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Shofar FTP Archive File: orgs/canadian/canada/justice/ethnocultural-groups/ecg-012-02

Archive/File: orgs/canadian/canada/justice/ethnocultural-groups/ecg-012-02
Last-Modified: 1997/01/29
Source: Department of Justice Canada

12.2.1 Offensive Behaviours Motivated by Hatred

Referred to by various titles such as "hate-motivated
crime," "bias-motivated crime," and/or "racist crime," acts
of violence against property and/or persons which are
somehow motivated by hatred are a key concern for
ethnocultural and minority groups in Canada.<318> These
behaviour ;, ranging from vandalism and property damage to
assault and even murder, are criminal offences in Canada.
However, a "hate crime" (other th-an hate-propaganda
provision) does not exist within Canada's criminal law. Hate-
motivated behaviours, as Gilmour argues, are different from
offences against property and persons which are not
motivated by an underlying hatred against some identifiable
group of people, and the difference between "crime" and
"hate-crime" on the victim is important.<319>

An assault, an act of vandalism, or another act motivated by
hatred is qualitatively different from a similar act which
is not hate-motivated. The victim of an assault, for
example, where the person is not targeted because he or she
is a member of a minority group may view his or her
misfortune as the result of having been in the wrong place
at the wrong time. Even if there is resentment about the
unsafe nature of public places, the victimization is a
product of circumstance. On the other hand, it may be argued
that the victim who is singled out for attack because of
hatred for who she or he is or, because of membership in an
identifiable group, suffers a qualitatively different
injury. In such cases, there is a deeply felt sense of
personal injury and continuing sense of apprehension and
threat, which does not seem to arise from acts perceived to
have occurred due to random circumstance.<320>

Hate-motivated acts may also have a societal effect, which
sets them apart from similar acts not directed at particular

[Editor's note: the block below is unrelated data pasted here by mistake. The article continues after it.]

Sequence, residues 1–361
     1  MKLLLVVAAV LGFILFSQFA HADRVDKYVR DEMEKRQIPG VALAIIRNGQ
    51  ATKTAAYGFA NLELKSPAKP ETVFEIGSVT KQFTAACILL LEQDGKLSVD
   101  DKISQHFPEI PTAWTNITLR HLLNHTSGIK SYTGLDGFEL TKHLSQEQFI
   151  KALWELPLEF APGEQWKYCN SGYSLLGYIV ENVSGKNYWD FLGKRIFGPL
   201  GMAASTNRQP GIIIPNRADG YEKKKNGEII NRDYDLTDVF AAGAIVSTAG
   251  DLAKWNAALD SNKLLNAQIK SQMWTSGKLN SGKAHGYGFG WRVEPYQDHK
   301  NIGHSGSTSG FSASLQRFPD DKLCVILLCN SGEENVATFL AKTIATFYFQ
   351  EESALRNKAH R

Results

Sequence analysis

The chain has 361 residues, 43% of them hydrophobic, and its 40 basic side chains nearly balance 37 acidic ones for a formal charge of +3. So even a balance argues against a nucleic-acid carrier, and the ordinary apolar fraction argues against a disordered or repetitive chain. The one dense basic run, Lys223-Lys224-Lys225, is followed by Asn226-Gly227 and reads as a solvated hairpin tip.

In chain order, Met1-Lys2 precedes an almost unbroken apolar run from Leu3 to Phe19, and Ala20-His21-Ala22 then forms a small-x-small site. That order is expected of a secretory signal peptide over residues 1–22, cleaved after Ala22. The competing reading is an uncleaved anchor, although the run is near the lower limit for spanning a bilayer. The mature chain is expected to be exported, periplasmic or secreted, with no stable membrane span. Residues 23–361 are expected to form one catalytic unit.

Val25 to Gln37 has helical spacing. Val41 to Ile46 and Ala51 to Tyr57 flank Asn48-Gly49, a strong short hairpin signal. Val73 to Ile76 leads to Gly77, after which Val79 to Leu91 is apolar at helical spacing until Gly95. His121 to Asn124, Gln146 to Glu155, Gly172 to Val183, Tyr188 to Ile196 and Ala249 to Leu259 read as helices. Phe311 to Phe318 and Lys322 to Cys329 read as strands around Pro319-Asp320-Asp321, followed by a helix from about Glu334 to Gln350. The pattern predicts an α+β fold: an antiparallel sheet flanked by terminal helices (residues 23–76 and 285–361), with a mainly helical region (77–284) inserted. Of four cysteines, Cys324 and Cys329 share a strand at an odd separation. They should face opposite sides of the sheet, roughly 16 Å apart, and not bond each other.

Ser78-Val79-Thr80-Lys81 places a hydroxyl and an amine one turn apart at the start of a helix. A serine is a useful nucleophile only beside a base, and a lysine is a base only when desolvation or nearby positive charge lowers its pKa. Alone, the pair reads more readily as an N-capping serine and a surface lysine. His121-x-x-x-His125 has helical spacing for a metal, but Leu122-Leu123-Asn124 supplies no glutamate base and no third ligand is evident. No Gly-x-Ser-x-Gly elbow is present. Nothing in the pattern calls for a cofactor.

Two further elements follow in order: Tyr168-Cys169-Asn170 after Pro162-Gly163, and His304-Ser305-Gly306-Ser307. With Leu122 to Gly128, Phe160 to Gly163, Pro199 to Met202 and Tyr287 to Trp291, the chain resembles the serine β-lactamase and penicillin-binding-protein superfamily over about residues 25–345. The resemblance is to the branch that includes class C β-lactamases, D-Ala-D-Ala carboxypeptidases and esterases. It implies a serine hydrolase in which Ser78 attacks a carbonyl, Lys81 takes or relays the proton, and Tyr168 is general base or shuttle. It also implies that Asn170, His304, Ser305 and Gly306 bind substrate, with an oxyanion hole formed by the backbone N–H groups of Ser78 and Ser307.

groups because of a dislike for them. Hate-motivated acts
produce situations where people feel threatened because they
are members of a group. People think of themselves and
others, and their behaviour toward others is based on
expectations and characteristics of social categories. Thus
relationships between groups are affected, possibly
resulting in social tension along ethnic or racial

Based on these kinds of considerations, Gilmour suggests
that Canada needs to take some form of legislative action to
distinguish hate-motivated offences from typical Criminal
Code offences.<322> In doing so, Gilmour explores the
possibilities for doing so through the criminal law. He does
not make specific recommendations on how this should be
undertaken; rather, he carefully delineates the options
available for doing so. Two of these options include the
creation of a specific provision in the criminal law to make
hate-motivated behaviour a crime in itself, and the
provision of sentencing principles in the criminal law to
identify hate motivation as an aggravating factor to be
accounted for at sentencing.<323? As Gilmour implies, it may
not be important which option is adopted, as long as one of
them is implemented. Given Canada's multicultural heritage
and the explicit policy of multiculturalism, Gilmour
suggests that it is important to symbolically recognize the
difference between typical crimes and hate-motivated crimes.
He also argues that the law could have other beneficial
effects through, for example, the educative function of
law.<324> As well, the symbolic effect of a hate-motivated
provision in the Criminal Code may have an important impact
on peoples' sense of personal safety and security.

It would seem, then, that it is important to address the gap
in Canadian law which recognizes some forms of hate crimes
(i.e., hate propaganda) but not others (i.e., personal and
property violence against members of racial and visible
minority groups). How this is done is a policy issue, but
the desire for such an undertaking seems clear. However, as
Gilmour suggests, it may well be that a criminal law
amendment will largely have only a symbolic effect. Other
avenues for addressing expressions of racist hatred will
likely be needed to effectively reduce the amount of hate-
motivated offences in this country. These other options
range from education programs to other legal options.
Education programs could, for example, be introduced in
schools to discourage recruitment of youth to organizations
that espouse violence against minority groups. Other legal
options could include the use of civil remedies in cases of
hate-motivated behaviour in order that the offended group
could recoup monetary penalties from the offender and use
the monies to promote respect, tolerance and acceptance, to
provide restitution to the victim, and/or to improve safety
and security for the community.

Any criminal law approach would need to consider an
important technical legal problem. The criminal law requires